The final numbers are positive for property prices in the United Kingdom (UK), specifically England and Wales. The latest Land Registry report for the two regions showed an average 0.8% gain in real estate prices, with London leading the way at an 8.4% increase. Repossessions, which are typically not included in the report, were down 16% in October 2012 compared to the same period in the prior year. Analysts attribute the decrease to improvements in the labor market, lower interest rates and the willingness for lenders to work with at-risk borrowers. For more on this continue reading the following article from Property Wire.
Average house prices increased by 0.8% in December to £165,080, according to the flagship index from the Land Registry published today (Tuesday 29 January).
The figures also show an annual price increase of 1.7% with London seeing the biggest increase at 8.4%. London also experienced the greatest monthly rise with an increase of 3.1%.
The North West experienced the greatest annual price fall with a decrease of 3.5% and also saw the most significant monthly price fall with a decrease of 0.9%.
The most up to date figures available show that during October 2012, the number of completed house sales in England and Wales decreased by 3% to 56,337 compared with 57,988 in October 2011.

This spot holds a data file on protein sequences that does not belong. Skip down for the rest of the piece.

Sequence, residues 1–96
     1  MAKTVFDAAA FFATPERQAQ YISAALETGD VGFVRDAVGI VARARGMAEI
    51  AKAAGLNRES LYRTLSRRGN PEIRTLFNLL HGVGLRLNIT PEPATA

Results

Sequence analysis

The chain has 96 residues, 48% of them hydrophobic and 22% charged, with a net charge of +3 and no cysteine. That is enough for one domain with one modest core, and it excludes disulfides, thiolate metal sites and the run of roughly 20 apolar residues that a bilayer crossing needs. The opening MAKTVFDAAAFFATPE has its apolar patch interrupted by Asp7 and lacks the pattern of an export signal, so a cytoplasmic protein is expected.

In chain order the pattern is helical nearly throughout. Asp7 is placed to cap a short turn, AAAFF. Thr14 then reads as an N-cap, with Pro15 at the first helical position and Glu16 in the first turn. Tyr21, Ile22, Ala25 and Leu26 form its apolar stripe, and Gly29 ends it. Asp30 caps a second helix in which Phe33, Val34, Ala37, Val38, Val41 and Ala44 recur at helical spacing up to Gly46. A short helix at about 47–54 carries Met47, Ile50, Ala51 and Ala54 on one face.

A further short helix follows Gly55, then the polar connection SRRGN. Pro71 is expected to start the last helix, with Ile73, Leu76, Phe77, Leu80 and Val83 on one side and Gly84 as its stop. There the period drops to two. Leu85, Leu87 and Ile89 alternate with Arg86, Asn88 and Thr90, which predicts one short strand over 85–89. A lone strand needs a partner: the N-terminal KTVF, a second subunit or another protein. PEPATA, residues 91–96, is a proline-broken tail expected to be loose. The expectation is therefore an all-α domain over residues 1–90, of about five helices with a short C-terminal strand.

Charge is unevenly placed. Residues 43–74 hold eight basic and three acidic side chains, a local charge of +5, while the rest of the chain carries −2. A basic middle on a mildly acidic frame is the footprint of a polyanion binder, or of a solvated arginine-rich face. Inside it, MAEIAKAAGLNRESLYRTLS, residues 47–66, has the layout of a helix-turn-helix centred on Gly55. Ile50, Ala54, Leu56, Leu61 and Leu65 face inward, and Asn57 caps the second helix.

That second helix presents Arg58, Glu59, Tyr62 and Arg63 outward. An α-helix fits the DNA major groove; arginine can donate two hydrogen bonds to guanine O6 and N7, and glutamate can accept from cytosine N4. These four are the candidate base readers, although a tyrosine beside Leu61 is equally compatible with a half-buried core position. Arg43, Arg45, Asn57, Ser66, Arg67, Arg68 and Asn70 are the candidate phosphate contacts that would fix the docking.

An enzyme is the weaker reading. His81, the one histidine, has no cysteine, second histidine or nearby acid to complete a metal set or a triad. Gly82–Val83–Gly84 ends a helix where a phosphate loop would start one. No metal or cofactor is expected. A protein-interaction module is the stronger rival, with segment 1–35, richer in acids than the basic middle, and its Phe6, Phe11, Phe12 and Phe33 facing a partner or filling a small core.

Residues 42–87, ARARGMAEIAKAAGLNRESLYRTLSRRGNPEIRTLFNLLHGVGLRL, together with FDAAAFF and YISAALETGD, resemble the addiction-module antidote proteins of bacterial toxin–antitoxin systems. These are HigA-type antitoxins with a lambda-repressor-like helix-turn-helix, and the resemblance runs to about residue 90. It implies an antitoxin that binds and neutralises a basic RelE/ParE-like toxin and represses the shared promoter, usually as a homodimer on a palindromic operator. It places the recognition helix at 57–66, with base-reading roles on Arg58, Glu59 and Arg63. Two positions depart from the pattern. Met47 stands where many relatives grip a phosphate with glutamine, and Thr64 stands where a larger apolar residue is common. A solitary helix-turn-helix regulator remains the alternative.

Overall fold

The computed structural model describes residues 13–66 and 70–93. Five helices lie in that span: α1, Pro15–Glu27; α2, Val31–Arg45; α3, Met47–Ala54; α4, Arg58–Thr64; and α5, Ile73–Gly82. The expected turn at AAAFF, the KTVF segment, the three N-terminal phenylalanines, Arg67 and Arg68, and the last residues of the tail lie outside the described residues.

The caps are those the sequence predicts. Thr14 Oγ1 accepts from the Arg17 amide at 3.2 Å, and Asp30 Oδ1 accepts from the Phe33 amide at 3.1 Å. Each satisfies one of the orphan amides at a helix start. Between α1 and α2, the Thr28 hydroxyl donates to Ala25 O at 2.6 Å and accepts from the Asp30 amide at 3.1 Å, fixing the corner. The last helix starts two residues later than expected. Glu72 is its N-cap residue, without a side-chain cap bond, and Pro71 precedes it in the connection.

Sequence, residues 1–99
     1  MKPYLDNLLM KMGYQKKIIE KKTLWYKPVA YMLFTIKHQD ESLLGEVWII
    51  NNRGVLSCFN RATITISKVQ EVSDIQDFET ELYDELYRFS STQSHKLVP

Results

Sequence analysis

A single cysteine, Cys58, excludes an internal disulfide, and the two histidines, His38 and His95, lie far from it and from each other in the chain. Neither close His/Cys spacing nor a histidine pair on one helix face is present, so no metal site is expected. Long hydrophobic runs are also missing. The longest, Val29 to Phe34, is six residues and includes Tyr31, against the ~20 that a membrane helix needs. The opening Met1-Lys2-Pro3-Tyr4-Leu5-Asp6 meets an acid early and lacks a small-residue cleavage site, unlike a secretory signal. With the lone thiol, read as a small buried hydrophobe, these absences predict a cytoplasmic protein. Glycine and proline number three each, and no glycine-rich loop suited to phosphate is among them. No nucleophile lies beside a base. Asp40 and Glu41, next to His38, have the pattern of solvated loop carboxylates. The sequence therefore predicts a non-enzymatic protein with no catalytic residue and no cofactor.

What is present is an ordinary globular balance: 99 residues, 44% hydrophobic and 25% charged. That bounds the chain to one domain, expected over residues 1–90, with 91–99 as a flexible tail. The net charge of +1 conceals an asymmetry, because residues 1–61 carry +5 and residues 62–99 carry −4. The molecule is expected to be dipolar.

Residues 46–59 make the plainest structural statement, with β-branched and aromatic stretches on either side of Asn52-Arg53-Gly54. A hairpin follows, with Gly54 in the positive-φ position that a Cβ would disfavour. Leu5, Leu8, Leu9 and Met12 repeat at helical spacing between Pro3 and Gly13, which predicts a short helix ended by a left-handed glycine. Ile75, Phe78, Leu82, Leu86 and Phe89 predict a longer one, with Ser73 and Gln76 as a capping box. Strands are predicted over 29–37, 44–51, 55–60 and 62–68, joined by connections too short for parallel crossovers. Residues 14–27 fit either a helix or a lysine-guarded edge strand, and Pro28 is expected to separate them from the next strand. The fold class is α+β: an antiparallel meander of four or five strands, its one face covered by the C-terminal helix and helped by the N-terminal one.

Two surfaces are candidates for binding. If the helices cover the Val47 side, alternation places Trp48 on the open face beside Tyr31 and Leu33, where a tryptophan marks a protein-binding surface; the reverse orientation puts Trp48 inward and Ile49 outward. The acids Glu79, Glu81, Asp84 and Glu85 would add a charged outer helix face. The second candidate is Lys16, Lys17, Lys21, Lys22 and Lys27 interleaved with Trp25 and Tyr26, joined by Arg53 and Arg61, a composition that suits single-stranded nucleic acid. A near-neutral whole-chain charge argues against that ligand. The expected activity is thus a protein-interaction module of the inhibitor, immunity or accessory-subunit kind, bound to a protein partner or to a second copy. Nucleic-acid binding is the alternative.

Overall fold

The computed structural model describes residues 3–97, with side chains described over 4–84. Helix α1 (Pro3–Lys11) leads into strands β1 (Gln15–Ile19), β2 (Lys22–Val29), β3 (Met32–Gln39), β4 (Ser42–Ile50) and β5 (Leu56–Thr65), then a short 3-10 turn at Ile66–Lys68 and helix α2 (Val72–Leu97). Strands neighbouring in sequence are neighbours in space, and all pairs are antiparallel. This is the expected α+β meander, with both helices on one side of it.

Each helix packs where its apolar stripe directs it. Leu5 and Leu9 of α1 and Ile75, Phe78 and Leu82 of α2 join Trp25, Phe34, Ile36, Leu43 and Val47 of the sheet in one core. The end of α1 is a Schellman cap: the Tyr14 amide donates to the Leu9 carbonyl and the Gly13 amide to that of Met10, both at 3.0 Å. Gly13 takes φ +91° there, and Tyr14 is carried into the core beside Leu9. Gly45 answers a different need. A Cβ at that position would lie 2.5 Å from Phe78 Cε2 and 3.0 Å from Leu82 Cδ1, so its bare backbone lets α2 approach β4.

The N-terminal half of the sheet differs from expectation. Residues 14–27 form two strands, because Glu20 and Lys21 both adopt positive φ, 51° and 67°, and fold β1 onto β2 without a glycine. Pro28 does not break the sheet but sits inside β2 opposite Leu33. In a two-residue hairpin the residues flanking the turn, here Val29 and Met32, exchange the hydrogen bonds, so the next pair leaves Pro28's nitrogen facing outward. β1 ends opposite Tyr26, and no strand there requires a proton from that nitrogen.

The number of properties sold in England and Wales for over £1 million in October 2012 increased by 14% to 623 from 548 in October 2011.
The South East tops the table of regional applications with 193,079 in December. Over 54,500 residential properties in England and Wales lodged for registration in December ranging from £10,000 to £14 million.
Repossession volumes, included for the first time in this month’s report, decreased by 16% in October 2012 to 1,524 compared with 1,805 in the same period a year earlier.
All regions saw a decrease in repossessions between October 2011 and October 2012 ranging from 8% in the South East to 35% in the North East.
David Brown, commercial director of LSL Property Services, said the figures show that house prices in 2012 saw a continued, if gentle, recovery that will be welcomed by home owners and investors alike.
‘However, even more encouraging is the annual fall in the number of repossessions. The labour market has been unexpectedly buoyant in the last year, and falling unemployment has helped prevent the number of defaulting borrowers climb. However, nearly four years with a record low Bank Rate has been crucial. Many borrowers who have been financially hard pressed since the recession have been given more breathing room by lower interest payments,’ he pointed out.
‘Nevertheless, after so long with rock bottom rates, borrowers and new buyers must remember that rates will eventually rise and not be taken by surprise when they do so, or we will see mortgage arrears cases and repossessions climb rapidly when the Monetary Policy Committee does take a different course of action,’ he added.
This article was republished with permission from Property Wire.